Commit 9151bf7f authored by Antoine Millet's avatar Antoine Millet
Browse files

Enhanced fundamentals documentation

parent 37501d9a
......@@ -8,7 +8,7 @@ in other projects.
* **Bidirectional:** remote function can be call by both side of the
* **Bidirectional:** remote function can be called by both side of the
connection, so a client can connect to a server and export functions to it.
* **Fully event based**: sjRpc takes profits of asynchronous io, allowing a
server to handle thousands of client connection with a reasonable memory
......@@ -26,7 +26,7 @@ Server side, create the handler
The handler is a simple object with a dict interface (getitem) responsible of
the association between the remote-function name and the locally executed
callable. The :class:`sjrpc.utils.Handler` class allow you to define
callable. The :class:`sjrpc.utils.Handler` class help you to define
an handle with a simple class extending this one::
>>> class MyHandler(RpcHandler):
......@@ -46,7 +46,7 @@ Server side, create the :class:`~sjrpc.core.RpcServer` instance
The last thing to do on the server side is to launch the server itself::
>>> from sjrpc.server import RpcServer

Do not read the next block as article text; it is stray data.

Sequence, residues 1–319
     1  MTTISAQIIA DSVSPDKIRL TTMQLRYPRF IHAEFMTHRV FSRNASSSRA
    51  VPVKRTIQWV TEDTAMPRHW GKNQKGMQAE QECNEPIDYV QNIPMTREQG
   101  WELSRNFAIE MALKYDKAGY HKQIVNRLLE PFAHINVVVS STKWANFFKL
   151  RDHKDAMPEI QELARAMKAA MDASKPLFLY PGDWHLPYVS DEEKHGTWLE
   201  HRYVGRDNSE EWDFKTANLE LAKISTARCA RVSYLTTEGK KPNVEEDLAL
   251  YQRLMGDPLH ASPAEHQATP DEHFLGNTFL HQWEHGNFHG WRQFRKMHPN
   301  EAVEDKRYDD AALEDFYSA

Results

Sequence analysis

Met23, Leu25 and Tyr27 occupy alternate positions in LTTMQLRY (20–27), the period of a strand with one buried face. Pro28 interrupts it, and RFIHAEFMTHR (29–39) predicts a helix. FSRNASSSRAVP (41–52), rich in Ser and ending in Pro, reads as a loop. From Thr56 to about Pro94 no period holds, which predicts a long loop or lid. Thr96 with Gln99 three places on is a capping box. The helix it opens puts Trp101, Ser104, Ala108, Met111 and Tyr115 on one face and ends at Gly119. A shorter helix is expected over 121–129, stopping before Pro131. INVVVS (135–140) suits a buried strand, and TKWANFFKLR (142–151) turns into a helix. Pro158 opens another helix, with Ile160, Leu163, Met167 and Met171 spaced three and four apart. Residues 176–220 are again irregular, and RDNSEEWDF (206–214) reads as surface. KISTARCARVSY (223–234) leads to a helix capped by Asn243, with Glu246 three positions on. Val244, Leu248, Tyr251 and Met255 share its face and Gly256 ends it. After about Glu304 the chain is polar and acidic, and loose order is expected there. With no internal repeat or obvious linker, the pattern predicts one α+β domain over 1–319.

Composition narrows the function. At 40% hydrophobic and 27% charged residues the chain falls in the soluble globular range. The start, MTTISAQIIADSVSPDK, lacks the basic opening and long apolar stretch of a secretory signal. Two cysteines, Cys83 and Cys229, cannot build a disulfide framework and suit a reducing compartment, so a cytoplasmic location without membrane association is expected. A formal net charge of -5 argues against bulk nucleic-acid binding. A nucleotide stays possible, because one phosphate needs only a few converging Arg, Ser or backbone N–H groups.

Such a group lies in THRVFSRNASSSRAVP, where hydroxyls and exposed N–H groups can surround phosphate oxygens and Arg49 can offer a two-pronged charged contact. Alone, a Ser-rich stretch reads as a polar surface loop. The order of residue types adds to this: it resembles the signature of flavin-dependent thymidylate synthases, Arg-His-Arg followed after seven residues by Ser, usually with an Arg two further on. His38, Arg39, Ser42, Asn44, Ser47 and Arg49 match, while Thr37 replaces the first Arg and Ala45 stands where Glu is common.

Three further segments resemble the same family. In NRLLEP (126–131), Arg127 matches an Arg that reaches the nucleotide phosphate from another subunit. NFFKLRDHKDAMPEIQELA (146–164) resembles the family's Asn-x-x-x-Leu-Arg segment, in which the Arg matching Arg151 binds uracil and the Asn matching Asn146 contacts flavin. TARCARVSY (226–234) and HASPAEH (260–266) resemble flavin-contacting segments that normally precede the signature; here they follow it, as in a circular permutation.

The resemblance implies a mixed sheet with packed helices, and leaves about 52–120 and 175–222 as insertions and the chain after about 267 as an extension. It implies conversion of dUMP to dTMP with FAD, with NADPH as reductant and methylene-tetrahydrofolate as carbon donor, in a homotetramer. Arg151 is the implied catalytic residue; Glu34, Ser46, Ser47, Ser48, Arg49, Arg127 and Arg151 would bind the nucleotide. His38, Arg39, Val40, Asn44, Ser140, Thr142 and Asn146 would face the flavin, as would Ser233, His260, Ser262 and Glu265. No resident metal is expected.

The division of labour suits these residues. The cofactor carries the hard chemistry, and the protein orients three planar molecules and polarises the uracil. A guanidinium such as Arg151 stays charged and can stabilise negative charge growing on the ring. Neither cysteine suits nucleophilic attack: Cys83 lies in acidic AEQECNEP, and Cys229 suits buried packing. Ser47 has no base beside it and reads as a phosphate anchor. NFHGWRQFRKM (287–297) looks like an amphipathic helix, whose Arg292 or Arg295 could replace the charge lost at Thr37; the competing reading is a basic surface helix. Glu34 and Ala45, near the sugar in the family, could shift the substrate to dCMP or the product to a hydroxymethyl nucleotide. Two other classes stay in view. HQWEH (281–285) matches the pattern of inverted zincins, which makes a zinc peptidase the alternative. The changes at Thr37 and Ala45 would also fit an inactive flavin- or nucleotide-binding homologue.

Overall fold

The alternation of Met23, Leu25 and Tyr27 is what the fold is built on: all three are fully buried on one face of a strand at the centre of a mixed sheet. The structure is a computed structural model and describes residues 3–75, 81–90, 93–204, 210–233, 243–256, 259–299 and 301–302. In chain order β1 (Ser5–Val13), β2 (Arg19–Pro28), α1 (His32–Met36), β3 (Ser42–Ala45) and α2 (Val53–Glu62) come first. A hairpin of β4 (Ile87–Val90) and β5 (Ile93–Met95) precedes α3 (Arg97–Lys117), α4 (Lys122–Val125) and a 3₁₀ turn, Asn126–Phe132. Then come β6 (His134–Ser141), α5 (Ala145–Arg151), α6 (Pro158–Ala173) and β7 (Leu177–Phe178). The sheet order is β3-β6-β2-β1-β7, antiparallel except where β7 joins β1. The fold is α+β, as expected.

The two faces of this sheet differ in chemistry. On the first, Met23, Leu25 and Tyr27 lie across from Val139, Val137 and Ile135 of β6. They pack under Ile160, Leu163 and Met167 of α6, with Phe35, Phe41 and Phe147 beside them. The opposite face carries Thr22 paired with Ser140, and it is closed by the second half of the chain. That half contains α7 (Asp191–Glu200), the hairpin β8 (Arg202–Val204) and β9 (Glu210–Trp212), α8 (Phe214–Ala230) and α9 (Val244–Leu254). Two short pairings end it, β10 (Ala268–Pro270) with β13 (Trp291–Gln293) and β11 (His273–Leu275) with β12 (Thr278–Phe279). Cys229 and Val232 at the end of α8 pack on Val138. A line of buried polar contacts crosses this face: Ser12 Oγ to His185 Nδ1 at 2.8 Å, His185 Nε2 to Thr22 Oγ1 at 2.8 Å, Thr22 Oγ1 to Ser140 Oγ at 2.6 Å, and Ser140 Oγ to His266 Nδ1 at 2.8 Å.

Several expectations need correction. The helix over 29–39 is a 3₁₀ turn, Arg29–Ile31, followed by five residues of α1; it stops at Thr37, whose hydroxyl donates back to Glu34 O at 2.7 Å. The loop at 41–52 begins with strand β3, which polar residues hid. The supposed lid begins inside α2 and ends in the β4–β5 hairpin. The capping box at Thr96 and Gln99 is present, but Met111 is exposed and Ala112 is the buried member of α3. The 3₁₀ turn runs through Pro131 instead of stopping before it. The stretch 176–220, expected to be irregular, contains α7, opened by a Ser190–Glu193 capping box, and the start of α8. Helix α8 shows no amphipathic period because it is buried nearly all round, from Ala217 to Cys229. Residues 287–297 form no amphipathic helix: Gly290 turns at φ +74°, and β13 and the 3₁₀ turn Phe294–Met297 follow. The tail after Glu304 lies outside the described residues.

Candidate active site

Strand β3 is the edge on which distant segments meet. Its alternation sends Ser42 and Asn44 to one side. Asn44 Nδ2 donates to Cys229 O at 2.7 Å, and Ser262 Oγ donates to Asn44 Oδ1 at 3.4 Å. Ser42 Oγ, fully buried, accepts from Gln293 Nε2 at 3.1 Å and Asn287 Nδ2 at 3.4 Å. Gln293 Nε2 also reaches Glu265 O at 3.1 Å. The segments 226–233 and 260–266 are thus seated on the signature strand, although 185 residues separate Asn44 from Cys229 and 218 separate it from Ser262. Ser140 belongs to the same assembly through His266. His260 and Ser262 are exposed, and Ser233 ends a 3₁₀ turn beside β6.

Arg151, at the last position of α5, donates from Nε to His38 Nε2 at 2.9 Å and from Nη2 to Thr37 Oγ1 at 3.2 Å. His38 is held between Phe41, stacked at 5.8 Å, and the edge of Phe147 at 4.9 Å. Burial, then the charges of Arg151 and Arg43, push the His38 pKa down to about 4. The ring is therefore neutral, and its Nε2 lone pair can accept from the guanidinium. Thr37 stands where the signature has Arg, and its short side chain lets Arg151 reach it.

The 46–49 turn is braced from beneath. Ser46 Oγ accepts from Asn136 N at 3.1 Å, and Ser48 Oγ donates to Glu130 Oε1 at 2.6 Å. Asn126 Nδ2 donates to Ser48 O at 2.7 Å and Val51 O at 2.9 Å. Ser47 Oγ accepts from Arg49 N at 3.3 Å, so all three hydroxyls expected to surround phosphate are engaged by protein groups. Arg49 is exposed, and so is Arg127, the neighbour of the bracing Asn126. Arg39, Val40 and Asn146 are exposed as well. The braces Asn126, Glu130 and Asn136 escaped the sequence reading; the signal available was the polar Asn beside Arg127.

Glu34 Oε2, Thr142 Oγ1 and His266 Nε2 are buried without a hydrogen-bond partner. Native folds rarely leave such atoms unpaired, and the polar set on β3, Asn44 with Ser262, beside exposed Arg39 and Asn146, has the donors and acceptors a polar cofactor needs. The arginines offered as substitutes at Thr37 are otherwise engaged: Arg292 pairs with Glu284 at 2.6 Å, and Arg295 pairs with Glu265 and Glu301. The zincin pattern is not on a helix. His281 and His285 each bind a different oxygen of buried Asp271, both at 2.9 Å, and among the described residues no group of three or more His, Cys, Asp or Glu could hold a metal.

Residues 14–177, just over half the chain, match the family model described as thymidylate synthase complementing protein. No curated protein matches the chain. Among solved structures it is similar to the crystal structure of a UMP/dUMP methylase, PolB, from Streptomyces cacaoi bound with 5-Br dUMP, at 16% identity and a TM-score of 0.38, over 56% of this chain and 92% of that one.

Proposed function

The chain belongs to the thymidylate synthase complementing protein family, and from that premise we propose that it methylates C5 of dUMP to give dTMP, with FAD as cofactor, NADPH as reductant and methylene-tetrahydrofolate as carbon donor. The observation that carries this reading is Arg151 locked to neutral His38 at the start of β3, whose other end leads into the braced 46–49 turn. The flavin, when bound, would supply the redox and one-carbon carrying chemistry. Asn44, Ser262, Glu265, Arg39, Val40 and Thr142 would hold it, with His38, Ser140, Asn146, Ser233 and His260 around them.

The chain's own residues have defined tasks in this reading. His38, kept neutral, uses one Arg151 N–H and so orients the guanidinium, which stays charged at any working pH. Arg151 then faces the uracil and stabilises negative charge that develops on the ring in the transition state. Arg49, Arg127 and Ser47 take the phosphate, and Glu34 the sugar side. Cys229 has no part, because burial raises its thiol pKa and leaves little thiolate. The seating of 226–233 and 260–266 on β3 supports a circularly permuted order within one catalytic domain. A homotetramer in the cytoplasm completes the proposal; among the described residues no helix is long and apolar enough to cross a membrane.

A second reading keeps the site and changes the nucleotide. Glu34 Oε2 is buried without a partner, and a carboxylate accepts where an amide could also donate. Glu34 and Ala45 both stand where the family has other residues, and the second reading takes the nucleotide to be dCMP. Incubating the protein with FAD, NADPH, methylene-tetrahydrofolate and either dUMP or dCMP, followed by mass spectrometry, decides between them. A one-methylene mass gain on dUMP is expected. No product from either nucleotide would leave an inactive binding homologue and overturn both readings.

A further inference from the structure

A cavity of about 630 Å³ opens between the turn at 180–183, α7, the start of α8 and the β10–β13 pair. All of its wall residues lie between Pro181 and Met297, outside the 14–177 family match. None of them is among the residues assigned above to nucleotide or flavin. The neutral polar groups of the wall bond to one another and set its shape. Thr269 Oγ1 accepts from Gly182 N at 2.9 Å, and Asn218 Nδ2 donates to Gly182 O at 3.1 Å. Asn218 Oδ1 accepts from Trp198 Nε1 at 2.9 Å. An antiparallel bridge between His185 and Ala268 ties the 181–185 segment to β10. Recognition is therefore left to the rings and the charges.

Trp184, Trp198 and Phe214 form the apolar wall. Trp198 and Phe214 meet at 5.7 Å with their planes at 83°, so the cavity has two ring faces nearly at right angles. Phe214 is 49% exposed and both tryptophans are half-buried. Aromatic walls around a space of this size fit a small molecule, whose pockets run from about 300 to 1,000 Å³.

>>> serv = RpcServer.from_addr('', 1337n conn_kw=dict(handler=handler))
>>> serv = RpcServer.from_addr('', 1337, conn_kw=dict(handler=handler))
.. note::
......@@ -59,9 +59,12 @@ Client side, just connect !
For a basic client usage, the only thing you have to do is to create the
:class:`RpcConnection` instance to the server, nothing more simple::
:class:`~sjrpc.core.RpcConnection` instance to the server and start the
:class:`~sjrpc.core.RpcConnection` main-loop in another thread to keep the
hands on your term::
>>> conn = RpcConnection.from_addr('', 1337)
>>> threading.Thread(
>>> print'random')
......@@ -72,6 +75,9 @@ You can also use a proxy to simplify remote calls::
>>> print proxy.random(min=42, max=1000)
Proxy will also restore built-in exceptions embedded in
Multiplexing & protocols
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